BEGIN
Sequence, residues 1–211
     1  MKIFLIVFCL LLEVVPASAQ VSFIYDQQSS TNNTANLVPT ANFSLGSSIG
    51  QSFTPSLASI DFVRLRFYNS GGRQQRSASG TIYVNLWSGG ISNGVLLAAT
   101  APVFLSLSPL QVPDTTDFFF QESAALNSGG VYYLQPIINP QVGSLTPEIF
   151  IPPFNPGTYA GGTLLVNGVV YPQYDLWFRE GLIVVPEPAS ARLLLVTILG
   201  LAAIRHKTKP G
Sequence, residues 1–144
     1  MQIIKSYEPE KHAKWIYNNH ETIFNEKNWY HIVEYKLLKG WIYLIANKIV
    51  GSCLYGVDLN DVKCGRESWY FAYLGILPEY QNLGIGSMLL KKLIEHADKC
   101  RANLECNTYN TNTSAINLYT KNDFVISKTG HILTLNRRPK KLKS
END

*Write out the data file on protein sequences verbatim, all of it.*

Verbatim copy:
Sequence, residues 1–211
     1  MKIFLIVFCL LLEVVPASAQ VSFIYDQQSS TNNTANLVPT ANFSLGSSIG
    51  QSFTPSLASI DFVRLRFYNS GGRQQRSASG TIYVNLWSGG ISNGVLLAAT
   101  APVFLSLSPL QVPDTTDFFF QESAALNSGG VYYLQPIINP QVGSLTPEIF
   151  IPPFNPGTYA GGTLLVNGVV YPQYDLWFRE GLIVVPEPAS ARLLLVTILG
   201  LAAIRHKTKP G
Sequence, residues 1–144
     1  MQIIKSYEPE KHAKWIYNNH ETIFNEKNWY HIVEYKLLKG WIYLIANKIV
    51  GSCLYGVDLN DVKCGRESWY FAYLGILPEY QNLGIGSMLL KKLIEHADKC
   101  RANLECNTYN TNTSAINLYT KNDFVISKTG HILTLNRRPK KLKS